What can science add to the abortion debate?

Few topics generate such a passionate division in opinion as abortion and ultimately there is no easy answer when choosing between an unborn child’s right to life and a woman’s right to freedom over her own body. However, after reading about the uproar caused by the tragic death of Savita Halappanavar, I knew I wanted to add my own voice to this debate. life What can science add to the abortion debate?Which left me pondering the following question: what can a science blog bring to the table when tackling a heated moral debate like this?

The answer, I believe, is something few mainstream sources address: the development of the brain and consciousness (as we understand it) in the growing fetus.

Sperm egg What can science add to the abortion debate?Of course if you are of the opinion that ‘life begins at the moment of conception’ the emergence of consciousness is probably a moot point. However, according to recent statistics more than 60% of UK adults and 18-35 year-olds in the republic of Ireland are pro-choice. This means that, under certain circumstances, they accept abortion as a viable option, raising a particularly difficult question. Assuming abortion, in theory, is acceptable, is there a point during the pregnancy when it becomes unacceptable and how do we decide where to draw this line?

Current UK legislation states that an abortion must be carried out during the first 24 weeks of pregnancy. However, guidelines also state that the procedure should ideally be performed before 12 weeks. Current legislation bases its ‘upper limit’ on the survival rate of premature babies, which is significantly reduced prior to 24 weeks (Percentage of babies successfully discharged from hospital after premature birth at 24 weeks: 33.6%, 23 weeks: 19.9%, 22 weeks:9.1%).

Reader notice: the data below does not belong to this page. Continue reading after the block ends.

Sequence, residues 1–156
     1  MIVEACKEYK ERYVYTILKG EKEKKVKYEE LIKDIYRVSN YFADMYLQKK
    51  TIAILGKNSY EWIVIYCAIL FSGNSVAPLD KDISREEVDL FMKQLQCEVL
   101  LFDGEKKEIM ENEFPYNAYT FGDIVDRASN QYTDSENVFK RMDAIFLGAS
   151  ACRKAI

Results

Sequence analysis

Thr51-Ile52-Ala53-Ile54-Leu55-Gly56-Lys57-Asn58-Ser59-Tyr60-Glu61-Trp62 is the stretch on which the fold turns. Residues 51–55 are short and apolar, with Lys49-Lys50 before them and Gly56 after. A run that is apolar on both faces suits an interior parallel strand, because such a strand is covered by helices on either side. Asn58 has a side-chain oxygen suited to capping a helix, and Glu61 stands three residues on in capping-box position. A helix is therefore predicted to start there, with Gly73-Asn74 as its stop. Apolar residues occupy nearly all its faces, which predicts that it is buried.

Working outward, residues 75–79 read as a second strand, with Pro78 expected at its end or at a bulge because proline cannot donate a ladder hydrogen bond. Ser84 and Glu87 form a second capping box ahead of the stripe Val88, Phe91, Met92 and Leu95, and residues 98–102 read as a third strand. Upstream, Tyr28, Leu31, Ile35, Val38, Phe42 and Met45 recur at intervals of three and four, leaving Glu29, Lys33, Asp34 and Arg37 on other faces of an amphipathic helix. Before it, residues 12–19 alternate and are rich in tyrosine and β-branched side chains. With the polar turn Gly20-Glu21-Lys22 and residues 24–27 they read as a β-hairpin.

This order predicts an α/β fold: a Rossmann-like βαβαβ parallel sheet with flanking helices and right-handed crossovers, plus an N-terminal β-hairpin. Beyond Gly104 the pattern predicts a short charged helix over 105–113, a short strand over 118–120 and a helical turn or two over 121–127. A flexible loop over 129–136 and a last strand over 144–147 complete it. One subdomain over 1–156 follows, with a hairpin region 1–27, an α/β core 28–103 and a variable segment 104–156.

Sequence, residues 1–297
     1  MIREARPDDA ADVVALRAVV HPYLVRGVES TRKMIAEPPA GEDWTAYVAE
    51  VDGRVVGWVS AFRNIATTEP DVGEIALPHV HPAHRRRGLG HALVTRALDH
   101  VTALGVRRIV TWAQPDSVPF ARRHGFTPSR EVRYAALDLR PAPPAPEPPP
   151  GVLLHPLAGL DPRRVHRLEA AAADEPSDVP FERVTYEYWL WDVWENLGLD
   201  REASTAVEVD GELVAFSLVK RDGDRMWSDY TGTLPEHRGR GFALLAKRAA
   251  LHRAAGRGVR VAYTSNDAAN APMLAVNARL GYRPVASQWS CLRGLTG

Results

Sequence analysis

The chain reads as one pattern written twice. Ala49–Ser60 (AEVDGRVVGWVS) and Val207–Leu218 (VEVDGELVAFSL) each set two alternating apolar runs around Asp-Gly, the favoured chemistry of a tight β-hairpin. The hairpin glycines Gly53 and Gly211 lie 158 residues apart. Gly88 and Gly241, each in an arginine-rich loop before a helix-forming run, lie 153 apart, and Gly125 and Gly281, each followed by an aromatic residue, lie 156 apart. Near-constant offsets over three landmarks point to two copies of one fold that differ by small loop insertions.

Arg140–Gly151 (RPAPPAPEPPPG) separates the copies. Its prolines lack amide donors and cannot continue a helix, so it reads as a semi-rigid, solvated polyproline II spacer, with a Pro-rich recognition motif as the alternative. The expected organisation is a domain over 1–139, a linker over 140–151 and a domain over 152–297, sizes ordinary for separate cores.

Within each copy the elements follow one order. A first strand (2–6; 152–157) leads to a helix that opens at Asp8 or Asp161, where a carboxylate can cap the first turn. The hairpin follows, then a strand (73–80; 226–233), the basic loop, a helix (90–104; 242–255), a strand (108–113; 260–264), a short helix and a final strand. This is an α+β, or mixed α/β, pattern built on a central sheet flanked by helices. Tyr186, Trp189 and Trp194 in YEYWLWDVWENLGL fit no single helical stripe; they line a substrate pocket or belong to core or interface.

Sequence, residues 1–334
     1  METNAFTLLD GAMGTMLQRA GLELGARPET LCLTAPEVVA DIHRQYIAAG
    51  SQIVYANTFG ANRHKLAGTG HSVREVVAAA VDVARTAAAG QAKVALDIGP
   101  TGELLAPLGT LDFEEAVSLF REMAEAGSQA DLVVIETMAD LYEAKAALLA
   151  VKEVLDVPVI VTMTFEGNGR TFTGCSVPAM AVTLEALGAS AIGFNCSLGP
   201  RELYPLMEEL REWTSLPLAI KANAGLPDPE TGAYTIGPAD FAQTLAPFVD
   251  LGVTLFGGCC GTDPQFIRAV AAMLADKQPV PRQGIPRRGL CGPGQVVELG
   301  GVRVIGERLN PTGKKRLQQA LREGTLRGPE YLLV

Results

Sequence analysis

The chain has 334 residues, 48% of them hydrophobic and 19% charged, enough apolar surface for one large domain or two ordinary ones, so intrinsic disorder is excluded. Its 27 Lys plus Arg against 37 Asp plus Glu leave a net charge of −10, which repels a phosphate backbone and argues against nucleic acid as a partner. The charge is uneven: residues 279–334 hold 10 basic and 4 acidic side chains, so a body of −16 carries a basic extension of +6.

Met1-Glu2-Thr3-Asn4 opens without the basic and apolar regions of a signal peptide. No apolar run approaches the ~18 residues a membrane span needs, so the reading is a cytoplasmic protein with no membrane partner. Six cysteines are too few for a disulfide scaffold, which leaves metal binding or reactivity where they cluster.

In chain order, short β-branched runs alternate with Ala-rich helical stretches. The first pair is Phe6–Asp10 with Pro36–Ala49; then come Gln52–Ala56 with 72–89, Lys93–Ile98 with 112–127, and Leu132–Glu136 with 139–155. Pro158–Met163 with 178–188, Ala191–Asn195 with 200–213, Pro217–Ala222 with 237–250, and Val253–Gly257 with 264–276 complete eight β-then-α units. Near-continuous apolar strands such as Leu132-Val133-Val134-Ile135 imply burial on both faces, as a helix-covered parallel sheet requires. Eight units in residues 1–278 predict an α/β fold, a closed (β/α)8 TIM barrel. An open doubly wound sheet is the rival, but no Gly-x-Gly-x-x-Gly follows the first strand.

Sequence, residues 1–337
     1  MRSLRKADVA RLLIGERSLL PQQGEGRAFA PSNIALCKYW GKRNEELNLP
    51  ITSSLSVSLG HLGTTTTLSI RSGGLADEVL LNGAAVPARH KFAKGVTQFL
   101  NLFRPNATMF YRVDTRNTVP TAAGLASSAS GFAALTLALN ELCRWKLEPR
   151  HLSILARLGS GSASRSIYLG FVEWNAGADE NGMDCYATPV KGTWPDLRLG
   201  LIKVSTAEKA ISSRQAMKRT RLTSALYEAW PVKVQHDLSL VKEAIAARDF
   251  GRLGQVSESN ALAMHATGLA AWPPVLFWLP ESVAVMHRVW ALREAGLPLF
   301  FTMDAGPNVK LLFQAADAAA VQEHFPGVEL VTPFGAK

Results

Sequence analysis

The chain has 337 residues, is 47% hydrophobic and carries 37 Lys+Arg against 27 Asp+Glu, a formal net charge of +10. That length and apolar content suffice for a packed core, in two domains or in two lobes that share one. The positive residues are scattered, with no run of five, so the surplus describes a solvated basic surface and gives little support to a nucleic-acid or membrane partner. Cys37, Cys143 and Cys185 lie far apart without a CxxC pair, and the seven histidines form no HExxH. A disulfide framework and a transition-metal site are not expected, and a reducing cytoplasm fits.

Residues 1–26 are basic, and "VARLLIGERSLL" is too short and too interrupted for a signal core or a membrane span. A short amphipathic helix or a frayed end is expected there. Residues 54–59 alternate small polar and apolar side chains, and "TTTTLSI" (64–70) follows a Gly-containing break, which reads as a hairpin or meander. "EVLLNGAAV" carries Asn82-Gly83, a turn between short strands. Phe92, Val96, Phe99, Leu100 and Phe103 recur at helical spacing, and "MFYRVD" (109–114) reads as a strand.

Almost 90% of UK abortions are performed within the first 12 weeks of pregnancy. During this time there is no scientific doubt that the developing fetus is incapable of  any form of conscious awareness. The fetal brain does not begin to develop until 3-4 weeks into the pregnancy, at which point it is little more than a hollow tube filled with dividing neurons. Between weeks 4 and 8 this neural tissue grows forming the major divisions of the adult brain (forebrain, midbrain, hindbrain and spinal cord). By 8 weeks recognisable facial features have developed and the cerebral cortex separates into two distinct hemispheres. By the end of the first trimester (12 weeks) nerve cells are beginning to form rudimentary connections between different areas of the brain. However, these connections are sparse and incapable of performing the same functions as an adult brain. So by 12 weeks, although the fetus is certainly starting to look like a little human, the neural circuits responsible for conscious awareness are yet to develop.

The first trimester is also the time when around three quarters of spontaneous miscarriages occur. Miscarriages are possible throughout the pregnancy and are much more common than most people realise. One in eight women who are aware of their pregnancy experience a miscarriage, with many more occurring before the woman is even aware she has fallen pregnant.